Veterans help us build a brighter future

Date: 11/10/2018

In August of 1986, the Boston Red Sox were just two months shy of a heartbreaking loss in the World Series that would haunt them and their fans for another two decades. That is also when 18-year-old Dennis Arnold joined the United States Army. Fast forward 31 years and Master Sergeant Dennis Arnold is now retired from a fulfilling career in the military, is working at Northern Light Health as a recruiter in Talent Acquisition, and the Boston Red Sox just won their fourth World Series in 14 years. The future is looking brighter all around.

Dennis chose Northern Light Health over four other job offers he had when he left the military and returned to civilian life. “Northern Light Health’s values are like the Army’s—we both believe in integrity and respect,” he said.

With this transition, Dennis faced some substantial adjustments and cultural differences. “In the military, everything’s about the team; whereas, in the civilian world, there’s more emphasis on individual achievement. It’s not to say there isn’t any teamwork in the civilian sector, but the emphasis is greater on teamwork in the military.”

Dennis has been a recruiter for Northern Light Health since March 2017, a position he also held during much of his time in the Army. As part of his work, he now helps educate hiring managers about military culture before they interview job candidates who are veterans.

“A lot of employers, if they have no military experience, may not understand how to talk to veterans because they don’t understand the culture—that’s where I come in.”

In the military, everything’s about the team; whereas, in the civilian world, there’s more emphasis on individual achievement. It’s not to say there isn’t any teamwork in the civilian sector, but the emphasis is greater on teamwork in the military.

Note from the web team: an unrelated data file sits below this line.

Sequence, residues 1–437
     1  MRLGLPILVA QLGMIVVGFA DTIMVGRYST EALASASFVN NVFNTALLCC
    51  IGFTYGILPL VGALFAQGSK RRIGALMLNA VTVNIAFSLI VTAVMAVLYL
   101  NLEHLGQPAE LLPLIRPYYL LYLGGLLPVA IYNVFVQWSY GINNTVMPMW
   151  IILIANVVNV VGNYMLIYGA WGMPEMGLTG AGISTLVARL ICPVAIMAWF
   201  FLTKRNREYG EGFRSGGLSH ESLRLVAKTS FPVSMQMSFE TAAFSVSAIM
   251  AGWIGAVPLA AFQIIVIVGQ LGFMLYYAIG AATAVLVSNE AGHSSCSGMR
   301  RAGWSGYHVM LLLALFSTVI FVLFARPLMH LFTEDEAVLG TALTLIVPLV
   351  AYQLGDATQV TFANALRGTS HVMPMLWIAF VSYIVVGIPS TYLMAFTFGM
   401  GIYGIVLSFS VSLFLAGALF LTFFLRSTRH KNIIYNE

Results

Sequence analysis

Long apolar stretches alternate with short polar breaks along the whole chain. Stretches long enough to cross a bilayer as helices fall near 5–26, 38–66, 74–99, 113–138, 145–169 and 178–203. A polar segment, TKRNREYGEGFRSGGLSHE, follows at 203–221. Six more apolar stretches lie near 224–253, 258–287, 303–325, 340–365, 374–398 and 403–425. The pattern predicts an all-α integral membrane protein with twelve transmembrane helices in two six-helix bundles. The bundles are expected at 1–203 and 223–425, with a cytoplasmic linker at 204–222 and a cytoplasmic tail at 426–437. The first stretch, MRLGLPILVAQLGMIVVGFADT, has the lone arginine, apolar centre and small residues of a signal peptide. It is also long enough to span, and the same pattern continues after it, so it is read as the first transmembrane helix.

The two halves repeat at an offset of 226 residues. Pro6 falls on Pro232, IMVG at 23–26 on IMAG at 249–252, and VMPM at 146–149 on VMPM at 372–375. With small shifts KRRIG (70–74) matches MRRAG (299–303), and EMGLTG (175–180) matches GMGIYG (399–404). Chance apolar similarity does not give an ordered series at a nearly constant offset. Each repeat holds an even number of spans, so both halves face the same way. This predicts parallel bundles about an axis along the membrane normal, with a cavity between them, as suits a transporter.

Dennis takes part in training sessions that were developed by the Hire-A-Vet Campaign committee called Military Culture 101 and 202. He has taken part in training events in Augusta and Portland and is expected to participate in one in Bangor in December. Dennis works closely with Robin Doody, a talent acquisition specialist for Northern Light Health, who also serves on the State Workforce Board veteran committee and is also a member of the Hire-A-Vet Campaign committee.
 
“As a member of the Hire-A-Vet Campaign committee, it gives me great pleasure to share Northern Light Health’s mission, vision, and values with veterans on this committee,” Robin said. Northern Light Health has been a part of the Hire-A-Vet campaign since its inception here in Maine in 2015. The goal of the program is to hire 100 veterans in 100 days each year. In 2017, 154 employers hired 296 veterans, and Northern Light Health was among the top five companies that hired veterans.

Northern Light Health is also the only Maine company involved in the Army PaYS program which guarantees an interview to qualified veterans after their military service. Dennis was instrumental in bringing the program here. “When I first got in here, I knew about it because of my job as a military recruiter. I got approval to move ahead with this and our leadership couldn’t jump fast enough, and that was great.”

Northern Light Health’s commitment to veterans doesn’t end there. Lisa Harvey-McPherson, RN, MBA, MPPM, vice president of Government Relations, has been instrumental in passing LD 1327 into law.  That legislation allows military medical personnel to apply their military medical training toward licenses required for civilian jobs in nursing and paramedicine.  

“That legislation not only helps veterans obtain civilian jobs that put their military training to use, but it also helps us address staffing shortages, particularly among medical assistants,” Lisa said.

Currently, Northern Light Health employs 411 veterans throughout the system. They are people like Dennis Arnold, who are eager to roll up their sleeves and help us create a better future for the people of Maine whether they’re civilian or military.

Learn more about the opportunities to hire veterans in Maine